A jury typically consists of experienced tasters, sommeliers and chefs who deal with taste professionally. On a tasting jury there is usually a wide range of nationalities, and there may be up to 200 tasters.
The tasting itself is normally conducted blind, which means that the tasters cannot see the bottle. This is to ensure that prior knowledge of a given brand cannot influence their judgement. The tasting is conducted in a well-lit and noise-free room, and each product is served in the same way at the same temperature in the same type of glass. After the blind tasting is finished, some juries combine these impressions with a visual impression of the bottle and in some cases this can result in recognition at that point.
Most taste institutes use the same five criteria for analysis (the AFNOR XP V096A standard): First Impression, Vision, Olfaction, Taste and Final Sensation.
1. First Impression
The taster gives his or her spontaneous and immediate impression of the rum on a scale of 0-100. This first impression is given a relatively high weight in the overall evaluation.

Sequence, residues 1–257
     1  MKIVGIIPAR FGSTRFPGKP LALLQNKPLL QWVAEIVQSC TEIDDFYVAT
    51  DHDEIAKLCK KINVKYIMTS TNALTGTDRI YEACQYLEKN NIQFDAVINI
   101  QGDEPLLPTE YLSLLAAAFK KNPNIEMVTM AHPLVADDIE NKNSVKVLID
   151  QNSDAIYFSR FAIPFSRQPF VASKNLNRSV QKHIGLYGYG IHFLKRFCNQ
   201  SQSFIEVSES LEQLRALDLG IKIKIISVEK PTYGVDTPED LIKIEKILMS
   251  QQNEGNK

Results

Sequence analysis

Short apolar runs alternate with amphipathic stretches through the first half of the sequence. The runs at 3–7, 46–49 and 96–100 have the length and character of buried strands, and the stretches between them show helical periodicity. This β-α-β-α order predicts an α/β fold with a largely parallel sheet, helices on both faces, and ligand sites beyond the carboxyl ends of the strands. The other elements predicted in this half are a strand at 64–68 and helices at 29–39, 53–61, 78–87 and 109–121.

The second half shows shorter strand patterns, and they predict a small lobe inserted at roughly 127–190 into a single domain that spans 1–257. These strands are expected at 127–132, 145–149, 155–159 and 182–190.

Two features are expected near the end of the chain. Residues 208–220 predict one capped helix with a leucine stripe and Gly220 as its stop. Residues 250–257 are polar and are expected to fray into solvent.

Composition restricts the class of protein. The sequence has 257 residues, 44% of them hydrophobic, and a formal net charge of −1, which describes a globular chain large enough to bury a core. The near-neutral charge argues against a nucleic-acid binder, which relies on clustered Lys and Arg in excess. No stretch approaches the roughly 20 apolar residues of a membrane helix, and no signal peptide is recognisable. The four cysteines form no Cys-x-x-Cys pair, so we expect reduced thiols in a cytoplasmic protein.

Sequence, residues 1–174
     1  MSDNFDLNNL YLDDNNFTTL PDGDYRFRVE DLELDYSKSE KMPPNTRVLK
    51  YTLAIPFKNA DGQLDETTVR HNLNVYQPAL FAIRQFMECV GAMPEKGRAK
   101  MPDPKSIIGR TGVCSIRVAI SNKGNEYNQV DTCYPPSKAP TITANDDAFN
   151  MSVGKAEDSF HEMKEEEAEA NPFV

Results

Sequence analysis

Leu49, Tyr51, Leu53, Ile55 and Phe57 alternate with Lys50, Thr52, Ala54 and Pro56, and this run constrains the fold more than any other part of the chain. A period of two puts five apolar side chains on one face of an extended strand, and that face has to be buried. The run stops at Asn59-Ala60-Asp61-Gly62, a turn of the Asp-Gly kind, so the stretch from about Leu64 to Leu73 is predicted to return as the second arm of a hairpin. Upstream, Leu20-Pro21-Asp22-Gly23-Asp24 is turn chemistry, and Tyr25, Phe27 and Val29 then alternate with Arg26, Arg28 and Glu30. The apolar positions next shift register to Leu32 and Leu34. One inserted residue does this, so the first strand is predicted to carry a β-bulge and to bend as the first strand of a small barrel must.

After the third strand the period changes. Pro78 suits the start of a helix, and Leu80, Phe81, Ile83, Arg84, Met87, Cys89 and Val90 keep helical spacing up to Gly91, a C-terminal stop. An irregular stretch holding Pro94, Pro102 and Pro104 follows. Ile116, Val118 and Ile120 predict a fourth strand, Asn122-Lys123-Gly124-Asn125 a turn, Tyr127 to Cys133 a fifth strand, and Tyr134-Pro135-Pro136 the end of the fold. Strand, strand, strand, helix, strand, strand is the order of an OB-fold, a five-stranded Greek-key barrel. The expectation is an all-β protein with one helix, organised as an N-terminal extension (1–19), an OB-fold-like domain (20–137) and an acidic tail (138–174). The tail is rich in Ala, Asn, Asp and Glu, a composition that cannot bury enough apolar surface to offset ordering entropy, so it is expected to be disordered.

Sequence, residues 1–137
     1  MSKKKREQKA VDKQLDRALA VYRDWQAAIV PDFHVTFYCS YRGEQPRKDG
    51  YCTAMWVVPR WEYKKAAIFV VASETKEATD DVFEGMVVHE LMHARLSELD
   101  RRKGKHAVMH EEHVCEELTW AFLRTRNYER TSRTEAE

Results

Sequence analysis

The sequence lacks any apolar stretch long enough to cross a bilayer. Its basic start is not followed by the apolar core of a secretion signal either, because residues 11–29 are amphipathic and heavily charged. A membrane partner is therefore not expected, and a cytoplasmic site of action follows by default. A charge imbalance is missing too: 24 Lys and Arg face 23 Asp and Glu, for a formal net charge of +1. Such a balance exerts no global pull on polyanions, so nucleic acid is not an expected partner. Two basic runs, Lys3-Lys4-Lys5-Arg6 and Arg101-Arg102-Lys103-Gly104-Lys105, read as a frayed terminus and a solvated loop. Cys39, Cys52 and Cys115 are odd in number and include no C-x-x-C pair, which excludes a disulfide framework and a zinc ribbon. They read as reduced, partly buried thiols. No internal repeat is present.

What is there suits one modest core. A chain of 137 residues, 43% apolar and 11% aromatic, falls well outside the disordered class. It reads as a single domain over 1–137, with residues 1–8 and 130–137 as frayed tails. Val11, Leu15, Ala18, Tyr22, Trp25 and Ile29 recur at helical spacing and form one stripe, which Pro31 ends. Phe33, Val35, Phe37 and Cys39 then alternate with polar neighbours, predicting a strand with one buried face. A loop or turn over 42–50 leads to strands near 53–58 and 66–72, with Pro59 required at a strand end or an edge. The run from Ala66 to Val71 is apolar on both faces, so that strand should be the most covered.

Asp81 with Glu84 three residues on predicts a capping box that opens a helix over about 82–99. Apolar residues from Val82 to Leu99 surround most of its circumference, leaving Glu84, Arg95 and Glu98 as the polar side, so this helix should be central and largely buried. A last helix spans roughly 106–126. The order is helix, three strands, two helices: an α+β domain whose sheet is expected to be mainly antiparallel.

The taster then gives marks for colour, clarity and viscosity (consistency), as compared with the traditional expression that is familiar in the category ‘rum’.
The sense of smell then comes into play when the taster gives marks for nose and aroma. Is the rum harmonious and coherent in its expression?
Next, the taster tastes the rum and assesses the experience in the mouth and on the tongue. What is the balance like among the five fundamental tastes: sweet, salty, sour, bitter and umami? What about the balance between taste and alcoholic strength?
5. Final Sensation
Finally, the taster evaluates the finish that remains in the mouth after the product has been swallowed or spat out into the receptacle used by tasters.
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